Links are what make the web the web. With a simple mouse click they let you transfer to another page anywhere on the World Wide Web.
The format of a link looks like this:
<a href="index.html">Go Home</a>
Let's look at each part of this statement:
index.htmlis the value of the
hrefattribute. The browser will load this page when the hyperlink element is clicked.
Attributes, as you may recall from the section with that title in
Lesson 1, are modifiers of html
elements with values assigned to names using
name="value" inside the open tag of an element.
href attribute is required for hyperlink elements.
The attribute in the hyperlink tag,
href, stands for
reference. It is the
href attribute that tells the browser
which location to load when the
hyperlink (or as it's
more commonly called, link) element is clicked. Links are what
World Wide Web
and makes it so popular.
The value of an href attribute is usually a web address, which describes the location of another web page. Web addresses are also called URLs. There are two ways to specify the location of a hypertext link.
absolute location uses the entire URL, like:
Not only is this tedious to type, but using absolute locations makes it difficult to move your site, which brings us to...
Let's say you want to go from
From inside the
lesson6.html file, the link only needs to
be written as:
<a href="lesson7.html">Lesson 7</a>
lesson7.html are in the same
directory, and so have the same relative location.
Hyperlinks can also link to places within a document - either the same document or a different one. For example, clicking this link will take you the format section at the beginning of this lesson.
Two attributes were combined to make that work. First, an
id="format" attribute was added to the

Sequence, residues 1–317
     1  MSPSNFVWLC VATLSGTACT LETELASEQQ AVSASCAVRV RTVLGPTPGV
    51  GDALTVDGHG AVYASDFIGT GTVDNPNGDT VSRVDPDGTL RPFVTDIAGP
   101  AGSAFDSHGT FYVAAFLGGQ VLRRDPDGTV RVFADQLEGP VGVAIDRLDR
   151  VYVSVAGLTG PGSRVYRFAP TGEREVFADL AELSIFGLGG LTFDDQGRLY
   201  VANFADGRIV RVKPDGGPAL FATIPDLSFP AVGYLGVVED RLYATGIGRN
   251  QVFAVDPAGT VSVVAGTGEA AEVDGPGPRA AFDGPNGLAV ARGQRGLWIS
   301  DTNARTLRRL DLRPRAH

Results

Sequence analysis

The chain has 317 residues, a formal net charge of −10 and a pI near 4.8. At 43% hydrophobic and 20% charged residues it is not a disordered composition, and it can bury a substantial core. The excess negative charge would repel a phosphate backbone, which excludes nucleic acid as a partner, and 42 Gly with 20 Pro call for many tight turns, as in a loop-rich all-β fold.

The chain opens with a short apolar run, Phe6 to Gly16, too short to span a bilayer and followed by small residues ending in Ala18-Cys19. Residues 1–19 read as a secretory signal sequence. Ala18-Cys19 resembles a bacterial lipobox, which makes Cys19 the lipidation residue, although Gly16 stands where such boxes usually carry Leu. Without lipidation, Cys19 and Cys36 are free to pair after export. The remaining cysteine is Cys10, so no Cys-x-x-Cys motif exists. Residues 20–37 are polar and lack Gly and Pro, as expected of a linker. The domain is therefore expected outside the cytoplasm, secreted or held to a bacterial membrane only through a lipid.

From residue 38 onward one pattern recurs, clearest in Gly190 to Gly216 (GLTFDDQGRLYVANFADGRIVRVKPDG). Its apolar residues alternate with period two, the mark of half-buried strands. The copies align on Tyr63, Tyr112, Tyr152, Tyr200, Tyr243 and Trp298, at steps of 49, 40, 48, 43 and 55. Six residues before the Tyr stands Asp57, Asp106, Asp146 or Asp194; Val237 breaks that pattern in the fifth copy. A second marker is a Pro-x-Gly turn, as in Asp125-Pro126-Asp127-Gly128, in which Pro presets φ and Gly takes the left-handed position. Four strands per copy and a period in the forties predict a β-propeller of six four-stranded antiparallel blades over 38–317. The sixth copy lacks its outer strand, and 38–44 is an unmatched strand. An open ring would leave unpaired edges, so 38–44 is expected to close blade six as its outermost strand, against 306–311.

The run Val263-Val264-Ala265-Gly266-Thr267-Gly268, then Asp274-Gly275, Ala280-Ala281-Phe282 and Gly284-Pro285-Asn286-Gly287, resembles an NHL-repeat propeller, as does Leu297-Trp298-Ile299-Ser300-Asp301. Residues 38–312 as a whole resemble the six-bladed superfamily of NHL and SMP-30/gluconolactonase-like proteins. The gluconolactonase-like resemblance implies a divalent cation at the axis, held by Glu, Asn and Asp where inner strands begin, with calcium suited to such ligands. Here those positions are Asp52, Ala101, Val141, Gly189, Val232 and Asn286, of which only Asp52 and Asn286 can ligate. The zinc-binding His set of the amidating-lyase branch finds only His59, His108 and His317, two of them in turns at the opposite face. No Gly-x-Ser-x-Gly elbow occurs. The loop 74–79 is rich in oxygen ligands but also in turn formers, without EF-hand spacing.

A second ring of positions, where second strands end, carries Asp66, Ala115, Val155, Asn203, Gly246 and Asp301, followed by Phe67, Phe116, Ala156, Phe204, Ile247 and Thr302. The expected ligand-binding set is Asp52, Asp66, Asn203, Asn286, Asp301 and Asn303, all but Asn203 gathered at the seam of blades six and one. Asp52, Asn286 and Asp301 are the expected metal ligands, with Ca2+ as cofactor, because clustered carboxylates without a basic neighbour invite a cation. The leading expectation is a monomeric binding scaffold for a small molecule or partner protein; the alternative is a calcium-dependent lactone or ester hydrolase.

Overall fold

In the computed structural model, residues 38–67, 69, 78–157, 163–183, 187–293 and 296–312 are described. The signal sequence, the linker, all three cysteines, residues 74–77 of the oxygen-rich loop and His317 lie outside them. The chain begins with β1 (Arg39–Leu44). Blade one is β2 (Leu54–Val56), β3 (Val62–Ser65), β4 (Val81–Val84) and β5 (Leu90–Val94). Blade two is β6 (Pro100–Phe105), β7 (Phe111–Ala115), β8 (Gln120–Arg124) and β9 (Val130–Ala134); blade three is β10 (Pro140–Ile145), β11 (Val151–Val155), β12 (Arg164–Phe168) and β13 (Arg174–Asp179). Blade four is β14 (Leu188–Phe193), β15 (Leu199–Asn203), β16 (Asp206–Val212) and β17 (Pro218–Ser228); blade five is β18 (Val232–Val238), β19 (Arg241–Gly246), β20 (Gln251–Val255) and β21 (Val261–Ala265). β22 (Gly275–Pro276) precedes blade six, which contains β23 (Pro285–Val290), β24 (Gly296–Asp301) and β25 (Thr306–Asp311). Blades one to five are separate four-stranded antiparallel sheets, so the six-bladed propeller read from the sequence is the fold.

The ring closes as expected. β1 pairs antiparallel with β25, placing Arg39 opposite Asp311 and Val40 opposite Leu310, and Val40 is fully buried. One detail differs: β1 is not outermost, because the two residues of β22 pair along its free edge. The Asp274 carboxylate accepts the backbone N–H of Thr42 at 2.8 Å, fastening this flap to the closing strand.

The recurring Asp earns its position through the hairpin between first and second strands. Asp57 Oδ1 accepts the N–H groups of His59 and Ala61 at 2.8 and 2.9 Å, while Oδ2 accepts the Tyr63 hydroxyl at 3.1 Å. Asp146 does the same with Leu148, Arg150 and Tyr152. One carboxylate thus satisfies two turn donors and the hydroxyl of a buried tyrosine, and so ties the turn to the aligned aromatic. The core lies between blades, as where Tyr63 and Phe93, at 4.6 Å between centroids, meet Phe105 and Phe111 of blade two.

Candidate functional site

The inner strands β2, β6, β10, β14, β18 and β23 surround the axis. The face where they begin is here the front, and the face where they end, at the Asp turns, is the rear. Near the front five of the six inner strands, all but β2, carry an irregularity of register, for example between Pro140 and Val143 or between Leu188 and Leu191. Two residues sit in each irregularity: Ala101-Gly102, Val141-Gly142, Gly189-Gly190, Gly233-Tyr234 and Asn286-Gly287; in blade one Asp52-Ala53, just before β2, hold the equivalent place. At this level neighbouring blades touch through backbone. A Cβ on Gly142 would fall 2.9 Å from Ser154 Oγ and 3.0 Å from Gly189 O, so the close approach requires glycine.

h2 element at the beginning of the lesson. Second, a link
href="#format" was put around the the word
this, making it a local link.
The link to the Attributes section of Lesson 1 above is another example of a link to a location within a document. In this case the link looks like this:
<a href="lesson1.html#attributes">Lesson 1</a>
and is combined with the element
in Lesson 1 to make the link.
My Favorite Web Sitesin the title and a top level heading. Create an ordered list with absolute links to your top 10 favorite websites. Your completed
favorite.htmlmight should look something like this.
gdw.html file that you created in Lesson 2,
making the following changes:
Object Elements, and
Special Charactersfrom third level headings to list items. Put them in an unordered list. Make
Block-level Elementslink to the file
block.htmlthat you created in lesson 3.
Inline Elementsshould link to
Descriptionfrom third level headings to list items. Put them in an unordered list. Link
Orderedto the file
ordered.htmlthat you created in lesson 4. Link the other two labels to their corresponding files as well.
Tablesheading with two items:
Decimal, Binary, Octal, and Hex, and
My Table. Link the first one to the
decbinocthex.htmlfile you made in lesson 5, and the second one to
Relative) and in their place create an unordered list with a single list item. Put the text
My Favorite Websitesin this list item and link it to the
favorite.htmlfile you created in the previous exercise.
Gallery IIas the text in these list items. You will make these links in the next lesson.
gdw.htmlpage should look something like this, and all the links should load the correct pages when clicked.